Two years after he broke into the horror filmmaking scene with HOUSE OF 1,000 CORPSES, Rob Zombie returned with a sequel. THE DEVIL’S REJECTS follows the same band of psychopaths who originally appeared in HOUSE, but couldn’t be more different in tone and execution. That’s a very good thing as it shows Zombie’s overall improvement as a filmmaker and storyteller. The film isn’t perfect, but it is a dark, gruesome ride straight into hell.

Devil's Rejects

Set seven months after the events of the first film, DEVIL’S REJECTS kicks off with Sheriff John Wydell (brother to the dead Sheriff in the previous film) leading a violent raid on the Firefly clan’s house of horrors. In the fiery fray, Otis and Baby escape onto the road, while Mama is captured and interrogated. Getting word that the coppers on his tail, crazy clown Captain Spaudling also takes to the road. Together, this trio of redneck psychopaths (Otis, Spaulding, and Baby) come across new victims and attempt to outrun the law, all while Sheriff Wydell resorts to drastic measures to nab them.

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While 1,000 CORPSES definitely had its share of disturbing exploitation-heavy moments, I feel that DEVIL’S REJECTS better captures the gritty feeling that most disturbing 70’s grindhouse films carried. I’d liken the tone of this to something like the original LAST HOUSE ON THE LEFT. There’s a grimy atmosphere that runs through the entire film. In spite of having some pretty damned disturbing sequences, the screenplay also has a few extremely dark bits of humor. While some of the more obvious ones (a quick trip to an ice cream shop) didn’t work for me at all, other pieces of dialogue came off as hilarious in a really twisted way. These mainly come in little off-hand comments that Otis makes to a small group of future victims.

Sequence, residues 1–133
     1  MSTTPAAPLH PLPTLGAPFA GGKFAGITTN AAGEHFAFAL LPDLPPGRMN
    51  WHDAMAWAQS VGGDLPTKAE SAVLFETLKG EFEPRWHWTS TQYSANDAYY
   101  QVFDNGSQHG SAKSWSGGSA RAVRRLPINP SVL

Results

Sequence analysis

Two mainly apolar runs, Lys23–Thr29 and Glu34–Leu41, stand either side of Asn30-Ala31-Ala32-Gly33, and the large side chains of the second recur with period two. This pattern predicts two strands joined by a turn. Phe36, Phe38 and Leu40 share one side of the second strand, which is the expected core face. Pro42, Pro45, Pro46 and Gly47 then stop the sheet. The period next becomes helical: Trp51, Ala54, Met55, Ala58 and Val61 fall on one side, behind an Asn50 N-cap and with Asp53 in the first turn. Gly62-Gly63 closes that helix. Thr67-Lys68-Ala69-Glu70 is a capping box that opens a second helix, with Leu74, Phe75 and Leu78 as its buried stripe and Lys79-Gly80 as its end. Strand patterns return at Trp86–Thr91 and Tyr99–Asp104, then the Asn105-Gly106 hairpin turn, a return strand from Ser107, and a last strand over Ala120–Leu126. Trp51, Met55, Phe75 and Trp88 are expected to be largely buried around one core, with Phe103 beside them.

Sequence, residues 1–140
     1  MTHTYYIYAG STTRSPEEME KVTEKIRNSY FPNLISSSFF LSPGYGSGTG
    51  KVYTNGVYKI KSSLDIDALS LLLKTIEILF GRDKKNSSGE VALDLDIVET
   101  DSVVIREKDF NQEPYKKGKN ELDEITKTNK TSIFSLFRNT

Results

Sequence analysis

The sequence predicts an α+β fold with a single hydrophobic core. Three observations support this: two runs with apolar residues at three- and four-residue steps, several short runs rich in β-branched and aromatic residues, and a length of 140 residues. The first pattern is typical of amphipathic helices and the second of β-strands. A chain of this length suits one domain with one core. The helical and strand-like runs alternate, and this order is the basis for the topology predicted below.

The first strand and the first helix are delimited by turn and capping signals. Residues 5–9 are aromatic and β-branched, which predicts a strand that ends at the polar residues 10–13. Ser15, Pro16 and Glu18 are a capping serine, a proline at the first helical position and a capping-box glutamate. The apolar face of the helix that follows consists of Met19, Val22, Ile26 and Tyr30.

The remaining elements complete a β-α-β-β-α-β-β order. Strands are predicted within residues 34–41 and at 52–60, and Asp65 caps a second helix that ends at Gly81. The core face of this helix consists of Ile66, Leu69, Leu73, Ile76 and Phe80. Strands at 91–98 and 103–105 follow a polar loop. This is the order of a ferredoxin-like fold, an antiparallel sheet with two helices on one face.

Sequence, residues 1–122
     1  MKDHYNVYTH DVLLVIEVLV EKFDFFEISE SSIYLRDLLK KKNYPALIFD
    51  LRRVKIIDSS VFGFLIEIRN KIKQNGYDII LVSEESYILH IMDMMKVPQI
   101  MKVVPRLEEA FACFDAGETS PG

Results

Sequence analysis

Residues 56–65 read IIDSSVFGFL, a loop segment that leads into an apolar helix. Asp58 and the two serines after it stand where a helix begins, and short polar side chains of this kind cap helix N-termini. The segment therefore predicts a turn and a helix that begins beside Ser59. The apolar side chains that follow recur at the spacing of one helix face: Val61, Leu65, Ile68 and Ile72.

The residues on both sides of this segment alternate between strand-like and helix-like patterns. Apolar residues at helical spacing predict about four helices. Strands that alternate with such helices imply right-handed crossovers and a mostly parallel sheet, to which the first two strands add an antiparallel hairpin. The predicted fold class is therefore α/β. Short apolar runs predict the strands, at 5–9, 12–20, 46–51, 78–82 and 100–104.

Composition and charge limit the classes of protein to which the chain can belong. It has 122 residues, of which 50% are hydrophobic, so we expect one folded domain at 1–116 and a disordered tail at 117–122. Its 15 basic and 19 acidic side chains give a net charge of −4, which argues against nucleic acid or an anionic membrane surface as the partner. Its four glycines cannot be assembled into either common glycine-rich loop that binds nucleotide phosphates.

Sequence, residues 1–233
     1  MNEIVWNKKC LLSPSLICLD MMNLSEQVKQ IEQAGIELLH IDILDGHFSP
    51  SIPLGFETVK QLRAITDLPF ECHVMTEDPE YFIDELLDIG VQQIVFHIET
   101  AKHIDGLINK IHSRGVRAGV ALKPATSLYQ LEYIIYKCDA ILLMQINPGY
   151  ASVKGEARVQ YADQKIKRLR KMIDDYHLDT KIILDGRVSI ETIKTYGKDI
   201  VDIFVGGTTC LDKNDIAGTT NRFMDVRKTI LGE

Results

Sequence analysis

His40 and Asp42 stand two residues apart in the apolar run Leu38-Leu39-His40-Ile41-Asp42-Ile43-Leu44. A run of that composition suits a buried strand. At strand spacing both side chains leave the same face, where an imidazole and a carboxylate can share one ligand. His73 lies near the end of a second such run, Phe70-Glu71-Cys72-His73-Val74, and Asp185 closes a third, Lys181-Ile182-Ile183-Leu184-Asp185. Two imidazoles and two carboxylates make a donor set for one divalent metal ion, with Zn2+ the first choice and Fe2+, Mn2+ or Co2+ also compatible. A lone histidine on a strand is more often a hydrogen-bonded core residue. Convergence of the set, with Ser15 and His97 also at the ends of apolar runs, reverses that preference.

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Otis is played by a returning Bill Moseley and though his demeanor has changed to resemble Charlie Manson, his demented delivery is still the same. Sheri Moon Zombie also returns as Baby. I wish I could say that she’s not as annoying as she was in the first film, but the only reason that Rob seems to have cast her was to get numerous shots of her butt. Captain Spauding (Sid Haig) is given more wiggle room than he received in CORPSES. He’s one of the main characters this time around, but we only get a few scenes of him in the full-on make-up. Leslie Easterbrook serves as a fitting replacement for Karen Black as Mama Firefly. While the psycho-killers are as interesting as ever, William Forsythe steals the show as good-cop-turned-bad Sheriff Wydell. Forsythe serves as the character who the audience should be rooting for, but his psychotic side increases with each passing second. Side characters include various horror veterans: PJ Soles of HALLOWEEN, Michael Berryman of THE HILLS HAVE EYES, Ken Foree of DAWN OF THE DEAD and Tom Towles of HENRY. Also, Danny Trejo shows up as a blood-thirsty bounty hunter, so that’s worth mentioning.


This sequel may be vastly superior to Zombie’s directorial debut, but he shows a penchant for a distractingly excessive amount of profanity. When a script is well written and contains cursing, the swearing blends naturally into the dialogue. However, Zombie makes ever single F-bomb stand out. These lines don’t fit well, especially when compared to the better pieces of dialogue in the film. There are a number of great scenes throughout this movie (including one intense kidnapping in a motel), but then we cut to conversations than consist entirely of characters yelling “fuck you!” at each other. It’s a bit jarring to say the least. However, this is the only major complaint that I have with DEVIL’S REJECTS.


THE DEVIL’S REJECTS is a definite improvement for Zombie’s directorial talent and writing abilities. The characters, as psychotic and repulsive as they might be, are fascinating to watch. There’s also a pitch-black sense of humor that works in various bits of dialogue. The story flows far better than one might expect, especially give the general premise of the film. While certain scenes (I can’t express how much I hate the ice cream scene) stick out like a sore thumb, THE DEVIL’S REJECTS is a remarkably horrific experience. If it sounds up your alley and you haven’t seen it for whatever reason, check this one out!

Grade: B+